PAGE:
Naoko shook her head and said again, They have nothing.
Margaret looked around. At the end of the room opposite to the beds were tables and boxes. She saw that the infirmary was also being used as a storage shed. I was wondering so about you. I went to your apartment in San Francisco. It must have been the morning after you left. I cant imagine what youve been through.
Naoko lifted her chin and closed her eyes. The interrogations were the worst. Where were our notes on plans for sabotage? Was it my mother, in her travels, who carried messages between various saboteurs? Were we the ones who planted the tomato field that pointed like an arrow at the airfield, or did the farmer himself think of that? We had no idea what they were talking about, but they posed the questions so that they were impossible to answer. How was Lester receiving his information that he was then sending to Joe? Through whom was Lester communicating his information to Joe? Had the Japanese military been in contact with Joe before he went to Japan? Had I ever met Mr. Masaoko? Was my mother the go-between? Was I the go-between? Whose idea was it for Joe to move to Japan and enlist in the army there? My mother was so nervous with these interrogations that it made her sick, and then they asked if she was pretending to be ill so that she could get to a hospital and communicate with her contacts! All of this she said in a quiet voice with lowered eyes. Pete kept looking at her, and tears started running down Margarets cheeks. And then they came to us one day and said that all the Japs were going to camps and they were finished with us, so they sent us here. They didnt charge us with anything, but they said they retained the account books I was doing for my clients in Japantown, just in case there were coded messages in them. So I am still under suspicion. It was only in that retained that Margaret sensed the old, independent Naoko she had known now for thirty-some years.
Pete said, What about Lester?
Naoko raised her hand, but gently, so as to not shake the bed. They still have him. Hes charged with illegal gambling. We knew he was doing that. My mother tried to talk him out of that more than once, but what else did he have in his life? The man he worked for was named Rossi, Luca Rossi, and they havent charged him with anything. He just went out and found himself some other runners. He told Lester, You Japs are going to lose all you got anyway, so youre not so good for business anymore.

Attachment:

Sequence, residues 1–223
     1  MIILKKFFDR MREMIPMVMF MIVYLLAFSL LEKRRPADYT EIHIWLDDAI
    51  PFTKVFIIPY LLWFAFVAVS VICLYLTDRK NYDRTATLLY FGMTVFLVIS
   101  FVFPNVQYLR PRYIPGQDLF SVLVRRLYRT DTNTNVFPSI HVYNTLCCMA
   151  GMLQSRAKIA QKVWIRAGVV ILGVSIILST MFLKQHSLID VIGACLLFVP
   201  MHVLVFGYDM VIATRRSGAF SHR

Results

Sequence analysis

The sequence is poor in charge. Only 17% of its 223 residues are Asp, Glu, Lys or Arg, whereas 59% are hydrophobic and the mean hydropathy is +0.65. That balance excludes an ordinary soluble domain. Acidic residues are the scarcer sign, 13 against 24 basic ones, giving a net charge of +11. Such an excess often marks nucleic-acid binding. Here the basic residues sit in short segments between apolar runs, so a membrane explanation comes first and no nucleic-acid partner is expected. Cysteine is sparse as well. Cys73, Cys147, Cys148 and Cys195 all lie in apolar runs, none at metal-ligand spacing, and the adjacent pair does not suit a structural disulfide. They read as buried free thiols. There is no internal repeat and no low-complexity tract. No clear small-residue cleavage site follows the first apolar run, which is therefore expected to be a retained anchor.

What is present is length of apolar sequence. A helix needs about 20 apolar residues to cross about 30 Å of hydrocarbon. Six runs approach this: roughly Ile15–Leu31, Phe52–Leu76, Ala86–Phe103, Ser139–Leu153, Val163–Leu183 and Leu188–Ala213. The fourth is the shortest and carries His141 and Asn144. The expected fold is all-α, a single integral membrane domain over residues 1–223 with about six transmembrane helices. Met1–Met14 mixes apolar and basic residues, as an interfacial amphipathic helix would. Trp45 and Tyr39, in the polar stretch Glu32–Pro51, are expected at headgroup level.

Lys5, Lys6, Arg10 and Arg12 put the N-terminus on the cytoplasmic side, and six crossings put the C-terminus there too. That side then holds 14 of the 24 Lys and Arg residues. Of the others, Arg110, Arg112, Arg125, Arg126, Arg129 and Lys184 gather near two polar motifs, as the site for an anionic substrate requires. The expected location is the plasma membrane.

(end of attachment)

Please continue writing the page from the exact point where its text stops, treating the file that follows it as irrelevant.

Pete looked unsurprised.
Mrs. Kimura gave a strangled gasp, and her eyes fluttered but didnt open. Margaret knew that it was Andrew, her own husband, who had killed her, that Pete knew it, too, and that if Pete knew it Naoko knew it. She said, I am so sorry.
Mrs. Kimura began to cough, weakly, and Naoko helped her sit up a little more. After the coughing subsided, she gave some harsh cries, and then her eyes opened. Her gaze fell on Pete, and then on Margaret. With great and visible effort she assembled her dignity, and finally she smiled. She whispered, You come.
I would have come much sooner if Id known where you were.
We were in jail. Then, after a long pause, I didnt know. Margaret thought she must mean that she didnt know why.
You shouldnt have been.
Mrs. Kimura said, Lester . . . But her voice died. Margaret exchanged a glance with Pete, then she said, Im sure Lester had nothing to do with it. Lester is a good man. He is. It was But Petes hand clamped down on her shoulder, forbidding her confession.
The doctors still did not come near. Margaret said to Naoko, Are you with her all day?
Excerpted from Private Life by Jane Smiley. Copyright © 2010 by Jane Smiley. Excerpted by permission of Knopf. All rights reserved. No part of this excerpt may be reproduced or reprinted without permission in writing from the publisher.
Blood at the Root
"A gripping, timely, and important examination of American racism."
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